Van Life Fast Forward - Restoring The Bus

in vanlife •  10 months ago 

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I freaking LOVE my bus. Its not my first bus and I'm pretty sure it won't be my last bus. There is something really cool about having your home around you where you go. Its like a crab or a snail. Not many vehicles where you can climb in, close the curtains, crank the fan and lay on your bed and watch netflix. The only other time in my life I felt this feeling is when I live for a while on a 27' sail boat. It provides a ton of security and comfort that most can't relate to.

Having your entire world condensed into what can be put into a bus was a vulnerable feeling for me. I drive a little slower, more cautious because a normal wreck isn't a normal wreck when you lose your car AND your house. Another thing about van life is you QUICKLY figure out what you think is important and what is truly important. There are a ton of forurms, YouTube video and blogs delving into the details of how to make your van/bus into the best Swiss army knife you can drive down the road.

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My bus is a 1971 VW Type 2 Westy tin top (non-pop top). It currently has 27,530 original miles on it. When I purchased it, it was hovering around 11,000 miles. The original owner mistakenly lugged the motor early into owning it, causing it to over heat and he simply put it into a barn and got to taking it apart to try to solve what the Germans must've made a mistake at engineering. In the process, he purchased all new heater boxes and other parts that came with the bus.

I originally found the bus being offered on The Samba for 1,800 dollars by the neighbor of the original owners ex-wife. Before the bus was up for sale for 30 minutes, I had contacted the owner and the neighbor and had them remove the ad and sent them money sight unseen. When my father and I went to pick it up, we were met with a very old lady, reading her bible and eager to have a nice conversation. She told us the story of her ex husband who passed away and the bus and even had the workers of the farm next door come and help us push.

I spent the next few days taking inventory and putting the motor that came with the bus back together. After doing so, I realized there was a ton of end play on the crank, beyond what I could shim and it forced me to get a new long block.

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We were on a short time line because had planned to road trip to the bottom of Mexico with my parents, which is the start of us leading the off the grid life we currently live. I rebuilt the motor with all accessories on the new long block and shoved it in as quickly as possible. With 3 weeks testing in 115 degrees weather of Texas during a drought, I felt confident it would make it.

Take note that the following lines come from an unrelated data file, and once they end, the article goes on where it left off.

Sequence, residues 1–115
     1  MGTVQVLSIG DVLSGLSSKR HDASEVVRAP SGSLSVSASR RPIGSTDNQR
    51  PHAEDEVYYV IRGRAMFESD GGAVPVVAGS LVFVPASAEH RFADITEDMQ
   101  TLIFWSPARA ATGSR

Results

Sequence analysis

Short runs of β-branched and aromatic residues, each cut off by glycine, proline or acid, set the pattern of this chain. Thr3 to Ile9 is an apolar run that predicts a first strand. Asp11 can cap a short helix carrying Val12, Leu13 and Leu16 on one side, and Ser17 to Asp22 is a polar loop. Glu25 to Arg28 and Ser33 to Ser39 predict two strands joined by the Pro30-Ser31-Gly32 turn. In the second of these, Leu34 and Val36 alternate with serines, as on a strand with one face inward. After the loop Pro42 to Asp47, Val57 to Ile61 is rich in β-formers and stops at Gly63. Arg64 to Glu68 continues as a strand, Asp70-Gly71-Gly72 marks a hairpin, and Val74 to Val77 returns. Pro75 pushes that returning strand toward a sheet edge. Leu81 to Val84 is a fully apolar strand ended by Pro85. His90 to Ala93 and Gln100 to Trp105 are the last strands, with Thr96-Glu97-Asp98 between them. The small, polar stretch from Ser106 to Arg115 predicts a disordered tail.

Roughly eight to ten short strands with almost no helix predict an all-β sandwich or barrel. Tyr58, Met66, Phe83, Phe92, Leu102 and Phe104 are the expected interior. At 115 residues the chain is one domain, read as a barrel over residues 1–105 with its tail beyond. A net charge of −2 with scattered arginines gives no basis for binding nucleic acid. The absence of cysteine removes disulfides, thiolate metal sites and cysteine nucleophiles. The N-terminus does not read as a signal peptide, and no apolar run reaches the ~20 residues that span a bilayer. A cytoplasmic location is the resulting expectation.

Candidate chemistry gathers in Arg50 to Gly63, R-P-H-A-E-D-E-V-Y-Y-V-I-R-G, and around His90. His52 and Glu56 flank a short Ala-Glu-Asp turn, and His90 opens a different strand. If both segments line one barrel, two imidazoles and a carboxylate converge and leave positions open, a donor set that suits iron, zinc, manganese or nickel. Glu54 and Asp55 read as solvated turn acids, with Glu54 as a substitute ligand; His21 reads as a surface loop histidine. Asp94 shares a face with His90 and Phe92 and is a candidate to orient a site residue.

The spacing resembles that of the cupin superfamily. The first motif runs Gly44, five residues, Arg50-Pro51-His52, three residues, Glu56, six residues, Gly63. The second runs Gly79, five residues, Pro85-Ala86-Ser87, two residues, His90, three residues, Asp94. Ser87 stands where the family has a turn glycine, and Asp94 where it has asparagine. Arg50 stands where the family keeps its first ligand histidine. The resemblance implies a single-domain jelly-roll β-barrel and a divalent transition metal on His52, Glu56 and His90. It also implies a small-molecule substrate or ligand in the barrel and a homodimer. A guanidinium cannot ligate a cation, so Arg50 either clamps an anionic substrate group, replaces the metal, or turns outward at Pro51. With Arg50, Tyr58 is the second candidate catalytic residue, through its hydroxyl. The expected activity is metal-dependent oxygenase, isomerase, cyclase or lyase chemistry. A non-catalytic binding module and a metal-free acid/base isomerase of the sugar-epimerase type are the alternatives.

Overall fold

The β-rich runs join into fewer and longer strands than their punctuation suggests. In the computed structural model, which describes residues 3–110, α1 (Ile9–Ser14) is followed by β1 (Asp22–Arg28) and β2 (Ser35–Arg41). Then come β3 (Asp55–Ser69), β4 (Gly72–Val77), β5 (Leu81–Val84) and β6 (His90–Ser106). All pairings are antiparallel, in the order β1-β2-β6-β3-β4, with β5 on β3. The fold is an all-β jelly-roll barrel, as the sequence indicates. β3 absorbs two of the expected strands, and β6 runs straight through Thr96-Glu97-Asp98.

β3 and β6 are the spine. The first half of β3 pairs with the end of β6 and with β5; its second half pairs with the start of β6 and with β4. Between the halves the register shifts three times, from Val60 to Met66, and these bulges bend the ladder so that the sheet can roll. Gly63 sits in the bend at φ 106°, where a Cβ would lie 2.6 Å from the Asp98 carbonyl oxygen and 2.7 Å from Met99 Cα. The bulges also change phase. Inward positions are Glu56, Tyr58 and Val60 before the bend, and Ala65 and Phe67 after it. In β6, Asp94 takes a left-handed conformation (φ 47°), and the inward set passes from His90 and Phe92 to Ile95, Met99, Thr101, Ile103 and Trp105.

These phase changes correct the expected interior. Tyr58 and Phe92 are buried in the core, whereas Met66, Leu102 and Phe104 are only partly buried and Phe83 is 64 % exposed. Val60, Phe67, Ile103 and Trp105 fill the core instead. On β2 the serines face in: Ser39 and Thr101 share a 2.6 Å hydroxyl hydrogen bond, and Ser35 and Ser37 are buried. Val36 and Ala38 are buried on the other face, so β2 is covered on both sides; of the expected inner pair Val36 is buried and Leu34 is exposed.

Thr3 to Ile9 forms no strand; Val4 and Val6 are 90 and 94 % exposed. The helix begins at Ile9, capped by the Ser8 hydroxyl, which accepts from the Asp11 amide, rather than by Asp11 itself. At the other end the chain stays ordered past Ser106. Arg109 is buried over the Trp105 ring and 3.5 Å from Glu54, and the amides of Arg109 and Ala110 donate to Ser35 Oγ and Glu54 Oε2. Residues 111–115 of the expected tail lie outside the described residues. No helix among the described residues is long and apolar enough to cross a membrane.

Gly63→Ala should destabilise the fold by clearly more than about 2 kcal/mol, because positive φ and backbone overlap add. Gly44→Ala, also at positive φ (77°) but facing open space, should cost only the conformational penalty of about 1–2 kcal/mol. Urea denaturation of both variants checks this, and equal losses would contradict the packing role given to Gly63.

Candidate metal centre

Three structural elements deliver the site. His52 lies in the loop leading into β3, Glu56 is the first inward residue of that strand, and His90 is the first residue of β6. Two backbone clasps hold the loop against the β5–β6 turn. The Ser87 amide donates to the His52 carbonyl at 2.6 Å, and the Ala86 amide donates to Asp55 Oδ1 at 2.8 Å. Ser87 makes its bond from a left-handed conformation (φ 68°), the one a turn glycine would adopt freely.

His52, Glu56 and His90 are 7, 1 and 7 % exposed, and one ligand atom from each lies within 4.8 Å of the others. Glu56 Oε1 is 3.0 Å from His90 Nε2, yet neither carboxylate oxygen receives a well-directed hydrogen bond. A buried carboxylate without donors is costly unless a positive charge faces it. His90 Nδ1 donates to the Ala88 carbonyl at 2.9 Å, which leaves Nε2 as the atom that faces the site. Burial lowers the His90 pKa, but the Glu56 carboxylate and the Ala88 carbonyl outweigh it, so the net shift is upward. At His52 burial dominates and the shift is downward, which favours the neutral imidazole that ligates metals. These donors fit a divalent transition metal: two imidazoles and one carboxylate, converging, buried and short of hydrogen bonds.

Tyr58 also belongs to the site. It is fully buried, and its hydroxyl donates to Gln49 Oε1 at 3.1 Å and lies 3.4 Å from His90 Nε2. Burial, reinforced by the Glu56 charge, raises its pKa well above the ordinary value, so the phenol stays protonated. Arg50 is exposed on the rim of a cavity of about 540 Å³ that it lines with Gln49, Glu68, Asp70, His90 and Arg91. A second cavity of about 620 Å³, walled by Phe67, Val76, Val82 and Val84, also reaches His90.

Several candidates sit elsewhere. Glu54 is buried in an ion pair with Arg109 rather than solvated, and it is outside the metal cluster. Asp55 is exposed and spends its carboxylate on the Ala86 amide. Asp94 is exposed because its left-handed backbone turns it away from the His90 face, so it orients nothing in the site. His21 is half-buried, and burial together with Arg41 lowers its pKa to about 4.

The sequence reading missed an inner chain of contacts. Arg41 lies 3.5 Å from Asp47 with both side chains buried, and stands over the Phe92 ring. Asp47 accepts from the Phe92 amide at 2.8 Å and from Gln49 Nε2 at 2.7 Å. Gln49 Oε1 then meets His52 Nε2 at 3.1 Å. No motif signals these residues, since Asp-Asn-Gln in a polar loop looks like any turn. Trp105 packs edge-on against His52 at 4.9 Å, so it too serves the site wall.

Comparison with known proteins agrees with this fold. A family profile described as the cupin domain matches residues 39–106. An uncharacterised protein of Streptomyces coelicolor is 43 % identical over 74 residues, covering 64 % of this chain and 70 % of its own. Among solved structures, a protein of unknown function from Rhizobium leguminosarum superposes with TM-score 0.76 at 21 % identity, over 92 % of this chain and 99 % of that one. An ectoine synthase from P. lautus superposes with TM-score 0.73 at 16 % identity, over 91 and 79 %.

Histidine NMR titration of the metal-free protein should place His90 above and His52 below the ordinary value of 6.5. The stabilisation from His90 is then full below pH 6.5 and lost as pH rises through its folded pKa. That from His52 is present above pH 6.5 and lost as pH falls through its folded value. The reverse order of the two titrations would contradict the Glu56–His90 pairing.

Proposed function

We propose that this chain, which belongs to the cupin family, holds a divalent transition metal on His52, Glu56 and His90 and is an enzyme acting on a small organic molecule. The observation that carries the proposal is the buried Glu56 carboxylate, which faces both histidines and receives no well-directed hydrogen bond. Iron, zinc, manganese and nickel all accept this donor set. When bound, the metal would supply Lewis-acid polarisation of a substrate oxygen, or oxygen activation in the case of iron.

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6 years of tropical environment can do more damage to an old VW than 30 years sitting in a barn in central Texas ever could. What was a beautiful, straight, rust free bus became Swiss cheese and no longer a Swiss Army knife. It didn't help we lived down a very long dirt with dirt that that would cling to everything like concrete. The road was dusty too, so it caused the motor and engine bay to constantly be covered with grime and any time the carb would build condensation, the dust would turn that to mud.

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About 2 years ago, the bus was parked due to a wire that was soldered onto the ignition switch by the previous owner becoming disconnected, preventing us from driving and resulted in a hasty decision to purchase new vehicle because the need for transportation. Fed up with the carb needing to be taken apart and cleaned monthly and dealing with dust, I welcomed a reliable Toyota. So the the bus sat. It became a storage location and a house for mice and geckos.

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That was, until a couple of days ago. I've been saving for years to earn 1,000 US dollars to get my bus painted. As time went by and I saved, the damage mother nature did to the bus caused the amount needed to repair to increase. I spent time looking for a means to rent the tool needed to pull the steering wheel with zero luck. I decided to just purchase a generic ignition switch and screw trying to keep it stock, as the puller purchase price was a weeks worth of pay at my job.